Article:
She hugged her handbag closer to her side and ascended the steps.
Inside the town hall was quiet chaos. Women she had grown up with and their children gathered around several large boards that lined the front of the room, dozens of pieces of paper pinned to each one. The women pushed others aside, crowding around the boards, holding onto their children’s hands tightly as the little ones whimpered and cried.
“Weiter machen!” a soldier yelled at a group of women in the front of the room. They seemed to be involved in a dispute over the amount of time one woman spent in the front of the crowd, checking the same board over and over.
“Schneller!” the soldier screamed at them, pointing his rifle, causing the women in the front group to scatter. The next wave of women and children quickly took their place in front of the board.
Mia took her place in the crowd, moving her way up to the first board on the left. The bodies of other women and their children pressed against her, forcing her to surge forward with a jolt. Her palms sweated, her heart raced. Finally, she stood close enough to the board, which had a large “A-F” labeled on top.
She squinted, her eyes quickly getting lost among hundreds of typed names on the lists. She took her pointer finger and moved up and down the alphabetical lists.
Her heart sank.
She turned to the women surrounding her, panic taking over. Although Mia knew in her heart what it meant, she needed to hear it from someone else before it was real. “S’il vous plaît,” she spoke to no one in particular. “What does this mean?”
Mia pushed her way through the crowd, towards the black-uniformed men that lined the edges of the room. She shuddered as she approached them, rifles in hand, stern, cold looks upon their faces. She looked to her right and saw one, perhaps no older than twenty, his face soft, his eyes gentle.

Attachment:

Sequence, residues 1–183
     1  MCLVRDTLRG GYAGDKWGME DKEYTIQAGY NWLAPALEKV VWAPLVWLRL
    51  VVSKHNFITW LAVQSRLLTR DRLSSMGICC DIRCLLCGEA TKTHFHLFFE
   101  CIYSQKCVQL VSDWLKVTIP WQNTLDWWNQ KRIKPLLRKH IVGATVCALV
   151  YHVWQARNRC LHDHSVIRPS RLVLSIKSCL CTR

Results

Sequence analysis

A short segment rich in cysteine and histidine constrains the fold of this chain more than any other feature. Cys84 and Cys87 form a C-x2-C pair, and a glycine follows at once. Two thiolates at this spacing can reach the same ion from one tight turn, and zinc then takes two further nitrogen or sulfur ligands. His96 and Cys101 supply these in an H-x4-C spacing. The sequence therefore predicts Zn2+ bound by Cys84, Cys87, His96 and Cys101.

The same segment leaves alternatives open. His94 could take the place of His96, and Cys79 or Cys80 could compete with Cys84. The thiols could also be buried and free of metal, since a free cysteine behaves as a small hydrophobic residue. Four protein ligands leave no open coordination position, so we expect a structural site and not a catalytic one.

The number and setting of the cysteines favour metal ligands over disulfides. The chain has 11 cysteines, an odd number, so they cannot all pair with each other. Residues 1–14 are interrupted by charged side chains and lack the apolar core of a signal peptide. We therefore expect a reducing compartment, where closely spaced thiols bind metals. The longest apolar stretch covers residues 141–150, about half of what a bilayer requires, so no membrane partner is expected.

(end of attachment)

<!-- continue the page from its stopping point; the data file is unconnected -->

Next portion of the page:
“Monsieur, s’il vous plait,” Mia approached him cautiously, tears unwillingly filling her eyes. “My name, it is on the list. What does this mean?”
The young man looked at her, his eyes shifting to his left and right uncomfortably. “You should not be speaking to me, mademoiselle.” He looked around him, observing the other soldiers, looking afraid. “Aller, laisser,” he urged quietly.
A sigh of relief washed over her as she understood his language. Thank you, God, Mia thought to herself. He is one of us.
“S’il vous plait,” Mia’s voice broke. “I just need to know what it means…”
Something flashed across the young soldier’s face. Regret? Guilt?
“It means, mademoiselle,” his eyes locked on hers, his voice was tight, “that you will be leaving.”
The reality of his words sunk like a stone in Mia’s stomach. Unknowingly, subconsciously, her hand fell to cover her slightly swollen abdomen.
“Leaving?” she managed to choke. “Leaving to go where?”
At that moment, a deafening whistle blew in the hall. A sharp, stern looking soldier in the front of the room began barking commands at his fellow comrades in German. The soldiers in black began herding the women and children outside, swatting them with nightsticks like cattle when they did not move quickly enough.
“Merci,” Mia pleaded with the young soldier as the crowd began to force her away from him, towards the door that led to the town square. “What does this mean?” she wailed, but her voice was drowned out by the screams and cries of her neighbors and fellow townspeople.
The young soldier’s expression was pained as she was forced with the rest of the crowd outside, and Mia swore she saw unshed tears shining in his eyes. His mouth formed a word, unheard in the chaos. Mia read his lips as they spoke the word that she had most feared.
Mia surged forward, the crowd of women and children forced into the town square. Outside, dozens of soldiers in black wielding whips and clubs corralled the women and children towards the train station. She dropped her handbag in the chaos. The crowd was so overwhelming, like a living being moving forward as one, that she did not dare try to reclaim her handbag for the fear of being trampled.
Where are we going?
Are the rumors true?
Why is this happening?
How will our husbands know where we’ve gone if they return?
Women shrieked and called out questions that went unanswered. Although she did not know them all by name, she realized with a sinking feeling in her stomach that she recognized all of them from synagogue.
Mia’s heart raced, thudding like a trapped bird against her ribcage. Her hand remained on her abdomen subconsciously, feeling the slight swell that represented the tiny life inside of her.
Remy doesn’t even know. He will never know, she thought as she was thrust forward, towards the monstrous train bound for whatever awaited her in Auschwitz. He will never know.